4. The court shall set a hearing on all motions for amended judgment. The court shall set a hearing on an application for a writ if it appears to the court that a new tenancy may have been established, that the judgment should be amended, or if the court finds that a hearing is appropriate based upon the court’s own motion or a motion of a party. The court shall issue a notice of hearing for the parties to appear not more than six nor less than three days from the date of the notice. At least three days before the hearing, the court shall mail a copy of the notice to the defendant and attempt to contact the defendant by telephone, text, or email to provide notice of the hearing, and the plaintiff shall serve a notice of the date, time, place and purpose of the hearing on the defendant either personally or by posting the notice on the main entrance to the premises. A defendant may respond in writing before the hearing and orally at the hearing.
5. No later than 90 days after the entry of this Order, for cases where a judgment was entered for rent owed during a moratorium, the amount owed was fully paid through a rental assistance agreement, and that judgment has not already been amended or vacated as permitted by this Order, a defendant may file a motion to compel satisfaction of judgment. The defendant may file the motion to compel without showing the plaintiff cannot be located, as described in Rule 4(d), Rules of Procedure for Eviction Procedures. The motion shall be served on the plaintiff. The court may, after an opportunity for a hearing, order that the judgment shall be deemed satisfied.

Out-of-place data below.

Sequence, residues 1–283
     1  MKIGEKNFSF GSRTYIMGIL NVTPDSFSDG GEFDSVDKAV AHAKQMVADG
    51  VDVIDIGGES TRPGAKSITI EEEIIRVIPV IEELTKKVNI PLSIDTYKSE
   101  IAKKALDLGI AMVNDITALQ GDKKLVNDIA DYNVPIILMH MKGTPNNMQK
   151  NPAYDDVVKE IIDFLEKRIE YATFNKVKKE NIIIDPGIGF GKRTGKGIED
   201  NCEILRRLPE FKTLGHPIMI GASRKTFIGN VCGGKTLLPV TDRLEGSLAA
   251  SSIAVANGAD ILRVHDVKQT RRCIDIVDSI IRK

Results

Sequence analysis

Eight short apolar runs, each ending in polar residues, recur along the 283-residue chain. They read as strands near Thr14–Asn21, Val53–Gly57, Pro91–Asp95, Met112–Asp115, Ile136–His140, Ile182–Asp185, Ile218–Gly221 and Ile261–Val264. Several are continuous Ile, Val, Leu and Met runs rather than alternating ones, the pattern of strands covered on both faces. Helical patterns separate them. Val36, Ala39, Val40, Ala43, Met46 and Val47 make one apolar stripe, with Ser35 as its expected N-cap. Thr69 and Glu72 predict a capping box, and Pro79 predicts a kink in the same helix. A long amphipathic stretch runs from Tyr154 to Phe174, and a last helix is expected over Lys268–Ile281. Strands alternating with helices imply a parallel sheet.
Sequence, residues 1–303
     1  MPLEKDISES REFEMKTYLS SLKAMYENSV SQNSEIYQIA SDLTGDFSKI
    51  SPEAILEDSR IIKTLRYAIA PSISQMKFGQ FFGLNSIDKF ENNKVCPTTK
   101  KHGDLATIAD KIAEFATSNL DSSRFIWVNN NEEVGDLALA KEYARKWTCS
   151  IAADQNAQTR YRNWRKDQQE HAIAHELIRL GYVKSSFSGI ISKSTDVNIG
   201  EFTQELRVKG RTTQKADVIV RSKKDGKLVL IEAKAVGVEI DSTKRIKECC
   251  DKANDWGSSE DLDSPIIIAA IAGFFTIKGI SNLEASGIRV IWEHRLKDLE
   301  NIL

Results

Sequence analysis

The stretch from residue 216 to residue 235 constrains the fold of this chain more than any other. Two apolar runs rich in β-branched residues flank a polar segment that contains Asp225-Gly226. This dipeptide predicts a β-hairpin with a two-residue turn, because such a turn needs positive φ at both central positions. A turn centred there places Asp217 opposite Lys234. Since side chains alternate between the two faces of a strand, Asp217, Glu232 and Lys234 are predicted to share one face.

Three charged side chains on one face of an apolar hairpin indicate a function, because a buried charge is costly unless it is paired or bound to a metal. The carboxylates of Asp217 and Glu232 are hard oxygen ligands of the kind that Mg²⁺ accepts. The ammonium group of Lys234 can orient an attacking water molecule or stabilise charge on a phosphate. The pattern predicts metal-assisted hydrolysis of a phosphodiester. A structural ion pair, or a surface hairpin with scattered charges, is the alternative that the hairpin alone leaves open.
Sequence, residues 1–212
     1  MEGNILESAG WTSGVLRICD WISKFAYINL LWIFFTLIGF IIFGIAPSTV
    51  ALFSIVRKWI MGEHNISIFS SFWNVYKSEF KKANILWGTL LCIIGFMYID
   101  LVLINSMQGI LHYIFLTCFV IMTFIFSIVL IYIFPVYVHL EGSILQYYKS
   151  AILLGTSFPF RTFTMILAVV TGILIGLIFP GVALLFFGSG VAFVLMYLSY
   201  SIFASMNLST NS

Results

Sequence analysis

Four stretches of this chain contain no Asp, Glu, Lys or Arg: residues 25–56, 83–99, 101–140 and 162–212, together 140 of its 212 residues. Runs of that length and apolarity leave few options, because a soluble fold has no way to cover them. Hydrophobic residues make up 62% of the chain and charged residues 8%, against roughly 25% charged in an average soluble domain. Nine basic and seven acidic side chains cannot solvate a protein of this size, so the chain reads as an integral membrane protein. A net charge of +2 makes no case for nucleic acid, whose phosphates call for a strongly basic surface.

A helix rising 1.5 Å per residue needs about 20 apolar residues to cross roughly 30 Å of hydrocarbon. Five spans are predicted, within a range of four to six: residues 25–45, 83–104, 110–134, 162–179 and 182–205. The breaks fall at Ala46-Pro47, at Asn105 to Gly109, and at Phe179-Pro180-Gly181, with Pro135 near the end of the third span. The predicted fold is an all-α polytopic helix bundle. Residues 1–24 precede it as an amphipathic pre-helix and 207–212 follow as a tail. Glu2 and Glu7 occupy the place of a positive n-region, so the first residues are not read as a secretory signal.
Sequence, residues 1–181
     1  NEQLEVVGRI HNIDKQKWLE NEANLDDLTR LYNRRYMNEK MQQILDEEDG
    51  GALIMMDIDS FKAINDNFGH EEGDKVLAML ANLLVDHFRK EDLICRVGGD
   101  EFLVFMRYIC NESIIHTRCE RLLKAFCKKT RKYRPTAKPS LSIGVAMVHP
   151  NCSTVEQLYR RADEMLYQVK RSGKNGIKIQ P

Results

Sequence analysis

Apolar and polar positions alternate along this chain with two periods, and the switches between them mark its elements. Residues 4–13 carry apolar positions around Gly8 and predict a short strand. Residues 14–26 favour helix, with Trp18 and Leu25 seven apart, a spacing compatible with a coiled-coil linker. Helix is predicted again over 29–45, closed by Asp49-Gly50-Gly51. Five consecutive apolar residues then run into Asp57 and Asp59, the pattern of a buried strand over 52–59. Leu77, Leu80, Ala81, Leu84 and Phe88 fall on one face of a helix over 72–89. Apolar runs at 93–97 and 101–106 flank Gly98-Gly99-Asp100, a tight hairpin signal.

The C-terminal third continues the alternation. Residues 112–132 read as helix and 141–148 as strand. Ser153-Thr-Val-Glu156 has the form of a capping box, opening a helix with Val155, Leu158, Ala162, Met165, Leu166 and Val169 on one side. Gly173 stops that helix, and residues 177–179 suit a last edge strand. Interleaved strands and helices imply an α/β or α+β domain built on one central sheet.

6. If an eviction judgment includes claims for rent due between March 27, 2020 and July 24, 2020 or if fees, penalties, or interest for unpaid rent during that period were awarded, the plaintiff shall provide proof that the property is not subject to a mortgage, or provide the written response from a Qualified Written Request (QWR) submitted to the property’s mortgage holder that confirms the financing in place was not covered by the CARES Act.
7. At the hearing on the motion to amend the judgment, for good cause, the court shall amend the eviction judgment to reflect:
a) Any unpaid rent, late fees, or interest that would have been due under the terms of the lease that was the subject of the eviction for the period since the judgment was entered if requested by the plaintiff and not to exceed the jurisdiction of the court.
b) Any rental assistance received from any source based on the defendant’s rental obligation.
c) Any fees, penalties or interest for unpaid rent from March 27, 2020 through July 24, 2020 not permitted to be collected under the CARES Act.
d) Any fees, penalties or interest for unpaid rent for any period of time the plaintiff was in a federal mortgage forbearance relief program which prohibited those assessments.
Nothing in this provision precludes a landlord from pursuing a claim not barred by a rental assistance agreement in a small claim or civil lawsuit.